Smartphone apps can eventually save us billions in health care costs

Feb 11, 2011
Health

Apps just might be able to cure health care. One major barrier to health care reform is the costly, age-old practice of making patients physically visit a doctor for everything from a hypertension screening to a follow-up visit to see if an injury is healing. Smartphone apps could change that. The industry is seeing some […]

Apps just might be able to cure health care.

One major barrier to health care reform is the costly, age-old practice of making patients physically visit a doctor for everything from a hypertension screening to a follow-up visit to see if an injury is healing.

Smartphone apps could change that. The industry is seeing some of the first apps that point the way toward giving you a doc in your pocket. And we’re not just talking about apps that provide health information from the web. These new apps do some medical heavy lifting.

Nobody suggests apps are going to replace doctors. But if they can reduce in-person doctor visits by even a small percentage while at the same time catching problems like skin cancer a bit earlier, the nation would spend billions of dollars less on health care.

Some recent pioneering health care apps:

 

  • This month, German company FotoFinder unveiled its handyscope for identifying skin cancer. This isn’t exactly a consumer product. The handyscope is an attachment to an iPhone, and it lets a dermatologist magnify a spot on a patient’s skin and snap a photo to send off to a specialist for analyzing. The gadget costs $1,590. Still, devices like this inevitably drop in price. So why shouldn’t everybody someday have a handyscope in the medicine cabinet next to the thermometer? If you’re worried about a mole, shoot a picture and have the phone automatically compare your mole to a database of dangerous mole characteristics. If it detects any possible problem, it could send the photo on to your doctor for a second opinion. There is an accompanying handyscope iPhone app that costs $25 to download.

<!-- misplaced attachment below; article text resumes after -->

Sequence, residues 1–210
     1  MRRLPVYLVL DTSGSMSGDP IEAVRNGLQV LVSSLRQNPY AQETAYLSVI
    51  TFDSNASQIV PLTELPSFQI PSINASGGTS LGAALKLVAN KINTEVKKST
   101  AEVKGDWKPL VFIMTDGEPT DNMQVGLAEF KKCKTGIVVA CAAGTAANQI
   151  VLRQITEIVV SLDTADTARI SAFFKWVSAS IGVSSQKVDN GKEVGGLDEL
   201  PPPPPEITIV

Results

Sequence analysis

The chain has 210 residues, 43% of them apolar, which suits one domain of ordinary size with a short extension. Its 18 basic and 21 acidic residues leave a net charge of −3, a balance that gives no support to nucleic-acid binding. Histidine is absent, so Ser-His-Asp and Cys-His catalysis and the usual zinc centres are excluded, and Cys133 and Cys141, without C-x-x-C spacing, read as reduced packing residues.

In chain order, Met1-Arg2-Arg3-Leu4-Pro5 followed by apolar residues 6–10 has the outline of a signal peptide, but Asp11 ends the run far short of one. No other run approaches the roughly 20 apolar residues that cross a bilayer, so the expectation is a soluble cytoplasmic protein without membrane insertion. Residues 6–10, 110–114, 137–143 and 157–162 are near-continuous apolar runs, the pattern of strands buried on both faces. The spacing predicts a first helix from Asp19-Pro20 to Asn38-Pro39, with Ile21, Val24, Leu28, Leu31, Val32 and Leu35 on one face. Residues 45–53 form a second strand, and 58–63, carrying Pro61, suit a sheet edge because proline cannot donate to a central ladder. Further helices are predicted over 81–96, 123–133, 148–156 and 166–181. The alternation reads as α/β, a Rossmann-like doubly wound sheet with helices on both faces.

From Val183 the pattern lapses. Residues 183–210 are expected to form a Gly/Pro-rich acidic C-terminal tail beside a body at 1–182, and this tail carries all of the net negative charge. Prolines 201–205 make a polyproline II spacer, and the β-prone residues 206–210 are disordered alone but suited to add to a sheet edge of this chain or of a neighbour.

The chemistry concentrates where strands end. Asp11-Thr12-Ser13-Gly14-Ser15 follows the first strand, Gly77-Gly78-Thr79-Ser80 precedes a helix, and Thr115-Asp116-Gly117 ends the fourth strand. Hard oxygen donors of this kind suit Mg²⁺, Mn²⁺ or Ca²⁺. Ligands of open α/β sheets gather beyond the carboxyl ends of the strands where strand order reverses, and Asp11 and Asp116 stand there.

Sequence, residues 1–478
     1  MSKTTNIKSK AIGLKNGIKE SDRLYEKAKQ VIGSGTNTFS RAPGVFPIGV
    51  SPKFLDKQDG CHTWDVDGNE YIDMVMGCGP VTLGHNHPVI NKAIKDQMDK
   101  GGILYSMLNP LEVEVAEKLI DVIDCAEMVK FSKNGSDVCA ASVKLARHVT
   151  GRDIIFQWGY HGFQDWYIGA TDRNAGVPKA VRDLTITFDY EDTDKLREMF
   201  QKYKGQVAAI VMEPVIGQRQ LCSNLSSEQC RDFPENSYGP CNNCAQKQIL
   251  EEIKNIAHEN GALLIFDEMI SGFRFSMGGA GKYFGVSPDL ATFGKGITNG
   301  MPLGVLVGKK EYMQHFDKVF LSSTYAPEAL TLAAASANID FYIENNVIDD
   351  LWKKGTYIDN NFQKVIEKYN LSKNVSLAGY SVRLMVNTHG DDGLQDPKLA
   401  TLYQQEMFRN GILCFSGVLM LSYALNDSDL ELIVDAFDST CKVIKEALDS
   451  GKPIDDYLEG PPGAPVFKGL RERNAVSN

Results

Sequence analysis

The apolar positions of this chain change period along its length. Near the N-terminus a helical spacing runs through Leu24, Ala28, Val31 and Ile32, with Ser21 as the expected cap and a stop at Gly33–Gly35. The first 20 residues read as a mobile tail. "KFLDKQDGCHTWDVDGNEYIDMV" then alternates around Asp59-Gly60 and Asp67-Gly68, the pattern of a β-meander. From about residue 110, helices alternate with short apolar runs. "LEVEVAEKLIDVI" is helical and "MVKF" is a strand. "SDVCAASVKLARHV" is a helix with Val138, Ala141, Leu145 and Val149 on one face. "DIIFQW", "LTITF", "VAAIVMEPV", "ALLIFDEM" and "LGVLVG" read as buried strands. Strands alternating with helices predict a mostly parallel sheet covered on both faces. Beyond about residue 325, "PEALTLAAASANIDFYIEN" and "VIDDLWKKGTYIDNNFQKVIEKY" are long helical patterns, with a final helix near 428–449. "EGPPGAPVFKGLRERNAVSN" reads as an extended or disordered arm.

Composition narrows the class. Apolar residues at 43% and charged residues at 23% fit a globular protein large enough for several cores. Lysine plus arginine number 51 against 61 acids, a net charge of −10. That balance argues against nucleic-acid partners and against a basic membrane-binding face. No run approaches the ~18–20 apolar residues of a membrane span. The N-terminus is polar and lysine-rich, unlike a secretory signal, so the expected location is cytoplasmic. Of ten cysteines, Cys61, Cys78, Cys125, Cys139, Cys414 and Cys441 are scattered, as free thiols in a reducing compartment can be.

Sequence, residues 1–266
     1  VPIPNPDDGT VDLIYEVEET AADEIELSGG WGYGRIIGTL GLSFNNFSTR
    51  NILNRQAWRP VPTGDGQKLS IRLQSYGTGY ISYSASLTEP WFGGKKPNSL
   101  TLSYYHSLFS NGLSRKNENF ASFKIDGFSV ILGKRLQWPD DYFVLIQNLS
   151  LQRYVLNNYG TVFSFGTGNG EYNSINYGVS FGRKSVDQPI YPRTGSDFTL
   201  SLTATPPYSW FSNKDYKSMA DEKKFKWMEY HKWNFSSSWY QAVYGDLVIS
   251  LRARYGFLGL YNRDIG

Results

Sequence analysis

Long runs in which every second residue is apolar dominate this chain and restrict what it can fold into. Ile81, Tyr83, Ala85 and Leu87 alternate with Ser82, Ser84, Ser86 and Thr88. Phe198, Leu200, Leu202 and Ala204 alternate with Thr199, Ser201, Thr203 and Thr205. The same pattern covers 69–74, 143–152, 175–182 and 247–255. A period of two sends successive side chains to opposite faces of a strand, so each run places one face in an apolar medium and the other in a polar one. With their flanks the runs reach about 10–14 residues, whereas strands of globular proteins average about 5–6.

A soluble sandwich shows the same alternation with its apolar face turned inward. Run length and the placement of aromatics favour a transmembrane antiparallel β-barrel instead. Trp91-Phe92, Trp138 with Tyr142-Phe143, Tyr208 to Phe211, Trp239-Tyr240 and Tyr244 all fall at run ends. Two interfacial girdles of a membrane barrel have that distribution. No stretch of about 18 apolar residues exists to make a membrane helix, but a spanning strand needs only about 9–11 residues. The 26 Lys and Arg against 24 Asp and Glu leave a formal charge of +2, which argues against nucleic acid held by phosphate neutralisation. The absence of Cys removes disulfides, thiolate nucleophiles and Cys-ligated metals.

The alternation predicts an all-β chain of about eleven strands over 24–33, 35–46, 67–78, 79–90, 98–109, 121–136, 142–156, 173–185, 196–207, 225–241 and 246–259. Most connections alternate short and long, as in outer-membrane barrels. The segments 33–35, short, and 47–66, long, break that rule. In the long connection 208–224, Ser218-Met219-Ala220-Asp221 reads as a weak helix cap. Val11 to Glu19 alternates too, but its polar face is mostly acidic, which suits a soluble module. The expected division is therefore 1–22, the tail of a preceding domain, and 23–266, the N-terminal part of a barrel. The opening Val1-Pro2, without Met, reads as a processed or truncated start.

• Last fall, the U.K. government helped fund a project to develop a smartphone-based test for sexually transmitted diseases. The plan is to make an inexpensive chip with chemical sensors that could plug into the USB port on a phone. Someone who suspects he or she has an STD could spit or urinate on the chip, then connect it to the phone. The app could then diagnose the condition and inform the user. If such a device can be developed, it would open the way for analyzing bodily fluids for everything from diabetes to pregnancy.
  • A number of other medical instruments are finding their way to smartphones. You can get a blood pressure gauge that attaches to an iPhone and records readings. The iStethoscope may not be as sensitive as the real thing – you place the phone’s microphone over your heart and it counts your heartbeats – but it’s a start. Then there are products like Fitbit – a tiny motion-sensing device that keeps track of how many calories you burn during the day. A Fitbit can send its data to an iPhone – though for that matter it’s easy to imagine an iPhone that eventually can use its motion sensor to detect activity and do what a Fitbit does.
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Start adding up the different possible ways to monitor your vital signs, and you could use a phone to track a lot of what a doctor measures during a physical. The beauty of a doc in your pocket, though, is that the doc is watching you all the time – and could notice if something goes out of whack, like if your blood pressure spikes.

The next step is for the phone – or a cloud-based web site – to be able to integrate all the various health input with other information about you, like what drugs you’re taking and your medical history. If the app notices a change in your vitals, it could compare it to your personal information and compare it to information in medical textbooks and scientific papers.

If the app then diagnosis a possible problem, it could send you a text telling you to see your doctor.

All in all, you might go to the doctor less, but when there’s a problem you might catch it earlier – which in turn could mean you’d need less medical care. If the U.S. government really wants to fight health care costs, it would do well to invest in developing technologies like these.

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